Writing, composing, and singing are cathartic for Guerrero, who is particularly introverted. “If I keep on performing the song, it’s like I’m chipping away at the sadness so that hopefully I can sing the song without feeling pain anymore,” he reflects. “I still go through all those feelings when I sing my songs, but afterward, I’m OK.”
He points out one of his signature songs, ‘Sana,’ which is about an ex-girlfriend leaving him to get back with her own ex. “Whenever I sing the song these days, it makes me feel good because it brought me so many blessings,” he says. “Even though the experience was incredibly painful, I’m happy I wrote the song. I’m glad I went through all of that.”
“If I keep on performing the song, it’s like I’m chipping away at the sadness so that hopefully I can sing the song without feeling pain anymore”
I Belong To The Zoo’s music has gained widespread attention and acclaim in the Philippines because of how universally relatable its themes are. Everyone goes through the same feelings of pain and heartbreak, regardless of where they are in life. “Nobody was born and immediately found themselves in a happy and perfect relationship,” Guerrero quips. But he digs deeper into why his music has touched so many: “Even if the song isn’t really about what you’re feeling, the moment you hear one line that just hits you, the song immediately becomes special for you.”
Guerrero cites Dashboard Confessional’s ‘MTV Unplugged 2.0’ live album as a key influence on his confessional songwriting, particularly how vocalist Chris Carrabba put his heart on his sleeve when he performed. “He’s so emotional when he performs, and that’s what’s important to me – when you really feel it,” he stresses. “And the hugot songs, those are the ones you really feel.”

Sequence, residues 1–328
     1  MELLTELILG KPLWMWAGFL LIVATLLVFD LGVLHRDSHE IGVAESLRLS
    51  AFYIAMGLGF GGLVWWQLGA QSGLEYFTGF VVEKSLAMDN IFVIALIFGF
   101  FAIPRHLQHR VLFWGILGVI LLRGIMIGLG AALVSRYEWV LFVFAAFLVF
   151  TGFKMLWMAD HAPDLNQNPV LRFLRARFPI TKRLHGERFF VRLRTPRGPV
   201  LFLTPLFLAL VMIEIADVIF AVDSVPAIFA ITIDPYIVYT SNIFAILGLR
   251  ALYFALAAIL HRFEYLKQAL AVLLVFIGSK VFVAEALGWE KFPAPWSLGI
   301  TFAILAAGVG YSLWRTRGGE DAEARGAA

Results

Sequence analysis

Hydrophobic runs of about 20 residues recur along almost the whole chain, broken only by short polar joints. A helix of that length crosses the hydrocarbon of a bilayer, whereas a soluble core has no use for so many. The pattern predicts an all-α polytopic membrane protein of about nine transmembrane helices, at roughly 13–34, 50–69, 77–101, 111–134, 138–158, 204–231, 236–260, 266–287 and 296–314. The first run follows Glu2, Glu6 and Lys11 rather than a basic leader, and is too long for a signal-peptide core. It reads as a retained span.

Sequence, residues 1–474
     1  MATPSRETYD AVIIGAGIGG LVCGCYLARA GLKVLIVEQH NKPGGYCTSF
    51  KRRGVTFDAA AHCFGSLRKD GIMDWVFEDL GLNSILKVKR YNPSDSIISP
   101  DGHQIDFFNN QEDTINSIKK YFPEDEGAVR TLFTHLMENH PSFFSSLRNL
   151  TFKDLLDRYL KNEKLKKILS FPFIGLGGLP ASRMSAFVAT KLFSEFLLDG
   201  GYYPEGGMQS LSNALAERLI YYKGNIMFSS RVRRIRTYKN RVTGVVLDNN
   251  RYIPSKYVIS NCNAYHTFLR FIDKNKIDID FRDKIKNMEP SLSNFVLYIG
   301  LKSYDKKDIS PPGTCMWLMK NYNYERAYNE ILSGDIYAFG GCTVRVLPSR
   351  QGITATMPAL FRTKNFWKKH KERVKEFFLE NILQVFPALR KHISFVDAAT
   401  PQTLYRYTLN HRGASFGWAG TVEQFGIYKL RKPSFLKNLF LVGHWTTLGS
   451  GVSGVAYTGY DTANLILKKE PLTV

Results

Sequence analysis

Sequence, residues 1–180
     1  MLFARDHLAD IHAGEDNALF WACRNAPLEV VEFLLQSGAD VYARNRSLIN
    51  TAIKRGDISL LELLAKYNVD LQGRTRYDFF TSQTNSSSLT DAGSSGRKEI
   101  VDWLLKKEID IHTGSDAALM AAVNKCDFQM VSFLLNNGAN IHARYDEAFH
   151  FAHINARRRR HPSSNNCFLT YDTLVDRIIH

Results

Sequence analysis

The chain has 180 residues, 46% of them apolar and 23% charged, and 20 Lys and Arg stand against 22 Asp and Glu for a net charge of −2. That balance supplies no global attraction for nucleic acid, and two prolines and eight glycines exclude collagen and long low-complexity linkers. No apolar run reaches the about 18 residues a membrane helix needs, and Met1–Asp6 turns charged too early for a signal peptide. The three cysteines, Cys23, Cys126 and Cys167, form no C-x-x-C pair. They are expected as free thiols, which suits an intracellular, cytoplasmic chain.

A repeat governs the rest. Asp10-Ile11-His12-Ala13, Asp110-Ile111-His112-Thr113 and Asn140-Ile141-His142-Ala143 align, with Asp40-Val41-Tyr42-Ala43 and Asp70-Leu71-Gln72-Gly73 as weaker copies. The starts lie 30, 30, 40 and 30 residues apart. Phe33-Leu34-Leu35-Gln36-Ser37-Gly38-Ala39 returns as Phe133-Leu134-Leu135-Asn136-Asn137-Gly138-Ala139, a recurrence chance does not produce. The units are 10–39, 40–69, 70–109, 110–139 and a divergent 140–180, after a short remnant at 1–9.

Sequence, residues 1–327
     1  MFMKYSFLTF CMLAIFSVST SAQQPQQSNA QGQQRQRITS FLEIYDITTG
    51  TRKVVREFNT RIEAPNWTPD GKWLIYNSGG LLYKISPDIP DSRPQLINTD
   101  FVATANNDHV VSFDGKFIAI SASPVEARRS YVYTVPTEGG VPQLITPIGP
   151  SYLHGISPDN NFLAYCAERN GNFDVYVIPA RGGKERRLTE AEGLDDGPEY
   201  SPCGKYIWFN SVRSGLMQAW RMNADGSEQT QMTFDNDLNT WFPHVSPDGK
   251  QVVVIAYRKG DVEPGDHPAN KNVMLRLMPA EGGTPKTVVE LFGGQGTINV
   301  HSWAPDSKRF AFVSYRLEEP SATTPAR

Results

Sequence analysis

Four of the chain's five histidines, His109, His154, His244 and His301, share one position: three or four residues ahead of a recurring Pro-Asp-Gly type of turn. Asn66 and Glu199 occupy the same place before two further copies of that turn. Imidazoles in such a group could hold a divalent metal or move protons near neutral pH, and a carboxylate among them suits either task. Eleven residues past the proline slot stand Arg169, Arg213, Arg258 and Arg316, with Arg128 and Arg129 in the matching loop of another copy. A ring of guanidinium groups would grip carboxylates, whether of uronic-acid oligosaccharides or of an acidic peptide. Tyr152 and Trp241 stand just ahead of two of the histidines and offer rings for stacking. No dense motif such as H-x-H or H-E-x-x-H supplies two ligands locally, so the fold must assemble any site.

Hugot songs – and by extension, hugot culture – are pervasive in Filipino pop culture. The word ‘hugot’ means to ‘draw or pull out’, and colloquially refers to drawing meanings and emotions from places or memories and then expressing them. Hugot culture took on a life of its own sometime in the last 15 years, with lines from movies like One More Chance (2007), That Thing Called Tadhana (2014), and I’m Drunk, I Love You (2017) quoted ad nauseam in memes on social media. Popular and cheesy pickup lines are shared by influencers, celebrities and even politicians online. And in music, acts like UDD, Ben&Ben, Moira Dela Torre and, yes, I Belong To The Zoo, have made songs about heartache their calling card over the years.
What does one make of hugot culture at a time like this: when the Philippines stands on the precipice of one of its most volatile election seasons, and when its government faces allegations of mishandling COVID-19 funds amid the never-ending pandemic? These are trying and turbulent sociopolitical circumstances, but Guerrero doesn’t think hugot culture will become any less relevant.
“Music is an escape for me,” he explains. “These days, I use music to escape from my Facebook feed, all the fake news… That’s what makes me want to just make music that isn’t related to the chaos of the real world.”
He’s self-aware enough to recognise how odd that might sound, because most of his songs are sad. But Guerrero actually finds enjoyment in wallowing in the pain and just ‘emoting,’ as Filipinos would call it. It’s actually part of self-care – something that he’s happy to help listeners with as I Belong To The Zoo.
“You can’t fix anything if you don’t fix yourself,” he says. “If you’re internally troubled, how can you create positive change in the world?”
I Belong To The Zoo’s ‘Kapiling’ is out now